On May 6, 2019, the city of Washington, Pennsylvania, suffered a malware attack that shut down its phone and messaging system for more than a week. The only exception is the 911 system, which operates throughout the county and continues to be available to residents of the city.
This type of ransomware attack can occur at any time with businesses and organizations of all sizes. That’s why companies need to learn how to protect their information (and that of their customers) safe.
Businesses are on hacker’s radar every day. However, many are victims of cyber attacks for convenience. It is not enough to install an anti-malware program on your computer and refuse to store passwords, credit card numbers, and personal information. Nobody is safe and no business is completely safe.
The need for Cybersecurity has been increasing exponentially over the past few years due to our connected environment. Smartphones, self-driving cars, “connected” houses and appliances, online shopping and banking are exposing us to many more access points for cybercriminals to exploit. While at the same time, we are lagging behind in cybersecurity.
So what can businesses now do in the cyber era in order to protect their and their customer’s information? According to Exchange Underwriters, a subsidiary of Community Bank and a full-service independent insurance agency located at 2111 N. Franklin Rd. in Washington, Pa., there are many things.
What can companies do in cyberspace to protect their information and that of their customers?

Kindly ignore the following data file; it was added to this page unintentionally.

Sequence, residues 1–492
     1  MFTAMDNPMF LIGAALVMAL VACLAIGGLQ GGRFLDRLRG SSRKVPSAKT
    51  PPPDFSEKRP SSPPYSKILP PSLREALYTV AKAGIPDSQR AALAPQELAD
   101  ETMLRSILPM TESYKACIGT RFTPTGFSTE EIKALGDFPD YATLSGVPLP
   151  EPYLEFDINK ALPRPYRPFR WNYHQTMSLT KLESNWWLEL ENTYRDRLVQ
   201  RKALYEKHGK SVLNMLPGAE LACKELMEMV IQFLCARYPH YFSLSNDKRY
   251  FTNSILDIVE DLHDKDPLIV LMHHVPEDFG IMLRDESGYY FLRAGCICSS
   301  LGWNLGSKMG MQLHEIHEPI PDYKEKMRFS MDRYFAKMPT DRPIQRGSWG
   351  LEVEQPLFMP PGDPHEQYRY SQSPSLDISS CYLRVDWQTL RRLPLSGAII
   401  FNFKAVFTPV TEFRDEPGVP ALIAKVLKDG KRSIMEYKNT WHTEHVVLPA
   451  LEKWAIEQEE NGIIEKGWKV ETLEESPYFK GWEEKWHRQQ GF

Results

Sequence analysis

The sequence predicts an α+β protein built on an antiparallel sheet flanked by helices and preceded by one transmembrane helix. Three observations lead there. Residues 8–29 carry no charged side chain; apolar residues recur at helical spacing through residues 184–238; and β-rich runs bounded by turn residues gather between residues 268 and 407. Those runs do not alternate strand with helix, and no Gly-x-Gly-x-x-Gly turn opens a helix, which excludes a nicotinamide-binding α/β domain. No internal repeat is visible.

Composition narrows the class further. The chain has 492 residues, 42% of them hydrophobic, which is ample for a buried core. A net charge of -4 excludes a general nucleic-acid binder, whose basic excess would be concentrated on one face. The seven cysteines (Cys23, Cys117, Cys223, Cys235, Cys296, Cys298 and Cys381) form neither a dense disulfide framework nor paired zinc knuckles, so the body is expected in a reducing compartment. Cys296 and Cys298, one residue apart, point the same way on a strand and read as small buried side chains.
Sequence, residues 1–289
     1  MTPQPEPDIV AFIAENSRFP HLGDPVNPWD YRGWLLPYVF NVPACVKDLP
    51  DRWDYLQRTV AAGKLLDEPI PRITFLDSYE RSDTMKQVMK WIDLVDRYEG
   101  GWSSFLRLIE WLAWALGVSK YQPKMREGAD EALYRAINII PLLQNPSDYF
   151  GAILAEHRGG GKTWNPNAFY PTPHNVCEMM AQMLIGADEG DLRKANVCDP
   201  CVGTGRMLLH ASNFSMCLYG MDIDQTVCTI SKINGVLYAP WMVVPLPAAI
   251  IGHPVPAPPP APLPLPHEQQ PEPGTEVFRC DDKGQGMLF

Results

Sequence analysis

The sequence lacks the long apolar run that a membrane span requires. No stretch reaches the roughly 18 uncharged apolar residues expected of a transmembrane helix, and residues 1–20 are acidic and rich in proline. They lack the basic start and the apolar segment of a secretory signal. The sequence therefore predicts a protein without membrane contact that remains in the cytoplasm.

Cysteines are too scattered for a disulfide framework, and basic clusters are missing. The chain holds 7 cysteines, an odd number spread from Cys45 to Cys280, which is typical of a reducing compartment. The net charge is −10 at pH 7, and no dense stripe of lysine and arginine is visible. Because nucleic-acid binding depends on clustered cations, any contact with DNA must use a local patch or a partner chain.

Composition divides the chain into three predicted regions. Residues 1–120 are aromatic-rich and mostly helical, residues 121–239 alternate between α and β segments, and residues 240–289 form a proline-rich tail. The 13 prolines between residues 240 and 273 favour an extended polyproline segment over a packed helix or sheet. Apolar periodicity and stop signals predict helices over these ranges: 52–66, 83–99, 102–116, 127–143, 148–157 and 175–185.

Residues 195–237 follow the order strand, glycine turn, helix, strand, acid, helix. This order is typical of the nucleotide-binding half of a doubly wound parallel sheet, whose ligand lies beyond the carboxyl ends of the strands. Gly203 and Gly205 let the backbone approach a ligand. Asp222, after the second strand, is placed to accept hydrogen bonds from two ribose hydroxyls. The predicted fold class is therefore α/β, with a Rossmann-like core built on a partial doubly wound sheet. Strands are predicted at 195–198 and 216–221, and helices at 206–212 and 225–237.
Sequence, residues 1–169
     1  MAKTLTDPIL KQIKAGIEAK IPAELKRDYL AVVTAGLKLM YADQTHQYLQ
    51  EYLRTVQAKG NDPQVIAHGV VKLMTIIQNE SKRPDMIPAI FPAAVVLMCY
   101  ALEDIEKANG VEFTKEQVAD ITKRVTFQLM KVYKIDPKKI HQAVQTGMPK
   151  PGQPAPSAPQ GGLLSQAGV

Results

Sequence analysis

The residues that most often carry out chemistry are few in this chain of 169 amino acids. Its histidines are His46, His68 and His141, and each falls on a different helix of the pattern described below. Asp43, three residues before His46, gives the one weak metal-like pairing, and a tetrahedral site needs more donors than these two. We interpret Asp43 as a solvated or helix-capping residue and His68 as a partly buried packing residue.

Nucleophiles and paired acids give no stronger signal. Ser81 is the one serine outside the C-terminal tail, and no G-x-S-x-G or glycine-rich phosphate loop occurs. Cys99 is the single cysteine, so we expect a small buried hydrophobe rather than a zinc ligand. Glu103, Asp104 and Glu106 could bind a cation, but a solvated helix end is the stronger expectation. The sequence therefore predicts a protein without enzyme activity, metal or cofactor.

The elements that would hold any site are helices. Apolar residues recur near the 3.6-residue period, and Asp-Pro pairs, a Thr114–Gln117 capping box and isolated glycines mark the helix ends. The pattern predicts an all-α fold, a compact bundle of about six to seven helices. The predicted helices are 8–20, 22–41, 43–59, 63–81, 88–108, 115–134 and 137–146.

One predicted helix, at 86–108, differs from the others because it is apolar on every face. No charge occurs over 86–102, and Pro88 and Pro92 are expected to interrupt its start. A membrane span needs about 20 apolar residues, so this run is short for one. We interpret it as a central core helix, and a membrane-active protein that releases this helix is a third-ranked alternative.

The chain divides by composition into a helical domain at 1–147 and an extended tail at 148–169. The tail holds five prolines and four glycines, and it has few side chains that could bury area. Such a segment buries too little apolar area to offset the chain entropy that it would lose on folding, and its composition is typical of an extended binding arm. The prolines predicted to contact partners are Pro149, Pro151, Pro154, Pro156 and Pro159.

1. Change your passwords frequently and do not use old ones anymore.
Changing your passwords often seems like a daunting task, but it’s worth it. Using and creating “strong” passwords makes it harder to hack your information.
Password management applications such as Dashlane or 1Password facilitate this task. These applications automatically generate passwords that are hard to hack, giving users a single password that they can remember.
2. Credit monitoring.
Using a credit monitoring or identity protection company such as LifeLock or Experian may notify users in the event of a data breach. In the event of a breach, you can protect your assets easily and at no cost by contacting the three main credit reporting agencies and requesting the “freezing” of your credit reports. In this way, criminals cannot abuse your funds and you can “unlock” your account if needed for a bulk purchase.
Because most of the stolen data involve cheating on people, it can be very helpful to be vigilant and alert online. Humans are the weakest link, but it can be the strongest defense.
3. Partner with an insurance agency you can trust.
Exchange Underwriters and Community Bank support discussion and education on cybersecurity through direct interaction with the client. The duo partnered with Fifth Wall, a local company that provides basic cyber risk insurance to Community Bank / Exchange Underwriter business customers. This policy does not require an application and is limited to $ 250,000. The best part is that it costs $ 250 a year.
4. Equip your employees with cybersecurity training.
In addition to the above policy, train your employees. This is critical to businesses because one of the root causes of security breaches is human errors (phishing emails that appear legitimate).
By providing your staff with the best tools and cybersecurity best practices, you can ensure your business is better protected.
Remember that any company (regardless of its size) that operates a website can go online or store personally identifiable information about its customers, customers, and employees, such as birth dates, social security numbers, credit card numbers, and bank details, can benefit from cyber security.
If you think your business needs an in-depth analysis of IT security, please visit thethreatreport.com or get in touch with us, and we’ll help you with a much-needed audit of your IT infrastructure.